I’m thankful for Special Agent Andre Simons of the Federal Bureau of Investigations. His tireless research as provided thousands of law enforcement officials the necessary insight to respond to an event of targeted violence. SA Simons was originally the source from which I was educated on the very term “targeted violence”. Further, his research has given many others to identify red-flag behaviors which have led to intervention in possible future situations. I’ve attended multiple conferences during which SA Simons has presented, simply because he is presenting. I’ve spoken to him off-line many times. I’m fascinated by his ability to spend so much time researching very dark events and still maintain a positive outlook and a good sense of humor. He has been integral in pulling back the veil of mystery surrounding perpetrators’ motives and regaining an intelligent sense of control when addressing these types of threats. I’m thankful for Special Agent Simons.

I’m thankful for an amazing military operator who I’ll call “D”. D again called me the day of the shooting. Years ago, he had another service member on his team use a handgun disarm he had learned while training with Krav Maga Maryland. He has seen combat all over the world. He has put his safety at risk for the well-being of others in defense of this nation. And on the day of the shooting, his concern was for the members of the community who had contributed to his safety and the safety of the men he leads. D has seen far more violence and danger than I can comprehend. Yet with all his combat experience, he did not take lightly what had happened in Columbia. Rather, he responded with care and attention. I’m thankful for D.

I’m thankful for all the mall employees and managers who took on a sheepdog role even within their own stores. They did not know that the shooter was likely dead from a self-inflicted gunshot wound. Still, they responded with decisiveness and compassion – two characteristics that don’t often go together. They pulled subordinate employees, shoppers, anyone in need, into their store. They pulled the gates down on their stores, locking themselves and anyone else into the back of their store. To do this, they would have had to remain at the front of their stores for longer than everyone else. Like at the Clackamas County shooting in 2012 wherein this quick action saved lives, they brought a sense of calm and safety to the most unconventional of jurisdictions – the stores they managed. I’m thankful for these managers.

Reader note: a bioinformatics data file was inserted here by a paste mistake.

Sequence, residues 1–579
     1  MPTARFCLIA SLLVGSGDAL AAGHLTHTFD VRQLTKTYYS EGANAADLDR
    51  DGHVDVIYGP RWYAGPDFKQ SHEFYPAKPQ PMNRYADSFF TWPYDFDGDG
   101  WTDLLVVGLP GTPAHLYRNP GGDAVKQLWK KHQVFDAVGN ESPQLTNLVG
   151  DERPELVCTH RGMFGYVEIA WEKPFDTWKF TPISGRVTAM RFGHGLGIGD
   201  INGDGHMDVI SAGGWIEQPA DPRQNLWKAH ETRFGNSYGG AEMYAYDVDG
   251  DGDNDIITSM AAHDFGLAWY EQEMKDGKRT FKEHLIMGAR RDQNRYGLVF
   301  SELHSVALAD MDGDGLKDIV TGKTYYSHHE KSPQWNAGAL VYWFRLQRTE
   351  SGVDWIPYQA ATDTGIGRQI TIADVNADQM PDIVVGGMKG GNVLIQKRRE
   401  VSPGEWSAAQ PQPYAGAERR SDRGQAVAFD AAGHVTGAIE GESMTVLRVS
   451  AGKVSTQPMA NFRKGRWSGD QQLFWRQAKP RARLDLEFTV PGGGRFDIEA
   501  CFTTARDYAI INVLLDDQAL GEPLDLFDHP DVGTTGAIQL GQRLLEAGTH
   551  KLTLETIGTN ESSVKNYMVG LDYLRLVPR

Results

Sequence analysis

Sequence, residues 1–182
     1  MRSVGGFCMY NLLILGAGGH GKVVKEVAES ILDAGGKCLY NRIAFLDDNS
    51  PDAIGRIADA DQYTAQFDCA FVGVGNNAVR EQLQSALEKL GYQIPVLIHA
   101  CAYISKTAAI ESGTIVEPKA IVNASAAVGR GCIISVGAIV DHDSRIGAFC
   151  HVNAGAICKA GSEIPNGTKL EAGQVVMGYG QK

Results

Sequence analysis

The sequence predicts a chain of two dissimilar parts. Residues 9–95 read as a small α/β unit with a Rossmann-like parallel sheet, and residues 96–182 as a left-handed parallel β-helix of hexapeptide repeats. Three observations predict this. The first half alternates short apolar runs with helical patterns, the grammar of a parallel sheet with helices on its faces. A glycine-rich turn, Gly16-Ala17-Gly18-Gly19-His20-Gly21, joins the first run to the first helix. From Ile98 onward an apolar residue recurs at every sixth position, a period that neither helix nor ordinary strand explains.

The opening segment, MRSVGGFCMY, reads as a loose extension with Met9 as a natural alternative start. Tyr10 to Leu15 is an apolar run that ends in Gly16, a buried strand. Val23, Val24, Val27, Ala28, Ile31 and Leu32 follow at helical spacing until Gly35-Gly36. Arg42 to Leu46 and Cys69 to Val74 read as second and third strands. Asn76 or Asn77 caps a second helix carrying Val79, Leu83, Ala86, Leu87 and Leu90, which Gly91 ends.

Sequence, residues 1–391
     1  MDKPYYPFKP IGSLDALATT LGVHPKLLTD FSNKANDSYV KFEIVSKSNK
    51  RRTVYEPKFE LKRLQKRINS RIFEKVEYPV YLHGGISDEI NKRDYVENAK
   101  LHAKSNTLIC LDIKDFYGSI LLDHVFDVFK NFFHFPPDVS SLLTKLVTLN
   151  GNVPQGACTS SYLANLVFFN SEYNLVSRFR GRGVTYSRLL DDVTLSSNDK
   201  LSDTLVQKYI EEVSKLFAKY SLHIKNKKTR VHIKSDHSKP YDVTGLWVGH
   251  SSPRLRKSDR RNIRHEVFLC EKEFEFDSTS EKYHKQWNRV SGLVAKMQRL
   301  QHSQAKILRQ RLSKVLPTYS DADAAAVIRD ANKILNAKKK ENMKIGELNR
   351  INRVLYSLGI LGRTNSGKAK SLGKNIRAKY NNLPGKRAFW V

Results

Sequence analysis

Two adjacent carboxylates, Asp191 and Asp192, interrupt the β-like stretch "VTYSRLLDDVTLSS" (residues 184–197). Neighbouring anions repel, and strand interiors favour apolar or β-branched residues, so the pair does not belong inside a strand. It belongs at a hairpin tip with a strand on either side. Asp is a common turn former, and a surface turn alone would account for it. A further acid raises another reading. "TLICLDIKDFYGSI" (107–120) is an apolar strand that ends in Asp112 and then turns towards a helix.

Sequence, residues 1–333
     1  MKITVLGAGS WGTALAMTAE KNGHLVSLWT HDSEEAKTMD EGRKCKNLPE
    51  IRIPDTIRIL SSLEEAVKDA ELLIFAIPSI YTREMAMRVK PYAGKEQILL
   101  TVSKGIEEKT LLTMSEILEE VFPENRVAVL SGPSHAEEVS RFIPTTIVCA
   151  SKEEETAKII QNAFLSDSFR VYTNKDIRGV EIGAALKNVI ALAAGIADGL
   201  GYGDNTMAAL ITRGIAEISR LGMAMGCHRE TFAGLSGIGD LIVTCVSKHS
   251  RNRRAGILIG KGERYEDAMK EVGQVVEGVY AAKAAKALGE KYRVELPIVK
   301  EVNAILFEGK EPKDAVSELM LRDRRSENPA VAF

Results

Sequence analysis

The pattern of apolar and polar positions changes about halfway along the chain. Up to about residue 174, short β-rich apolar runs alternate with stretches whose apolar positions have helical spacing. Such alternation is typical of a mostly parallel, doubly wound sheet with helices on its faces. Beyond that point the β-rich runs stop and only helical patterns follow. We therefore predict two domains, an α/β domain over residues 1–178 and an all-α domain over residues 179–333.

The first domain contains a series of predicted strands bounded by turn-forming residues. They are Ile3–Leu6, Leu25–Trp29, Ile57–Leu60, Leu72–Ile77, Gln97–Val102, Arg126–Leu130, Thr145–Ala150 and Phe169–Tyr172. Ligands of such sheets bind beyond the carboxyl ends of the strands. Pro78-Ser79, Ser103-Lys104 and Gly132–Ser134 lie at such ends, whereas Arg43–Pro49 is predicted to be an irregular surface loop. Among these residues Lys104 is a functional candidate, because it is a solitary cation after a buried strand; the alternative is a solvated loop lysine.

I’m thankful to last week’s readers, who in good faith shared the article in hopes that the information would make their loved ones safer and inspire them to take action to increase the safety of those whom with they shared.

I’m thankful to those who, soon after, went out shopping at the Mall anyway. I have another good friend and Expert-Level Krav Maga instructor. She is well-equipped to respond in a violent encounter because of her hard work, dedication, and personal sacrifice. She needed to go shopping for her day job in which she contributes to others’ safety in many other ways. She said the mall was a ghost town. But I was proud of her that day. Because of her training and her mindset, towards which I’ve had the honor of contributing, it didn’t occur to her to not go about her daily business. That included a trip to the Mall. I’m thankful that she’s chosen to be the kind of person for whom fear is never a dictator of actions.

I’m thankful for my staff at Krav Maga Maryland. Every single member of our team recognized that our organization had a unique perspective on such violence. Our senior instructors right down to our front desk staff and everyone in between is dedicated to proactively instilling safety and strength in the lives of everyone who comes through our door. There was spirited disagreement as to how to best respond to offer training to the community. How soon should we plan something? At what time? How long? Should we charge for the training or make it free? What techniques should we teach? The one thing no one disagreed about was that we had both an obligation and a privilege to be a part of the solution. And so we have set ourselves about the task of doing so. On Saturday, March 8, we will be hosting a seminar open to the public to train individuals to respond to such a situation.

What I see in each of these responses is a selfless dedication to the well-being of others. I see people using their talents and skills to minimize the exact things that predatory behavior introduces into our lives. That is the story that ought to be highlighted here. By following the examples listed here, fear and anger are replaced by thankfulness and pride. In this, the predators do not win.

Rachel Parker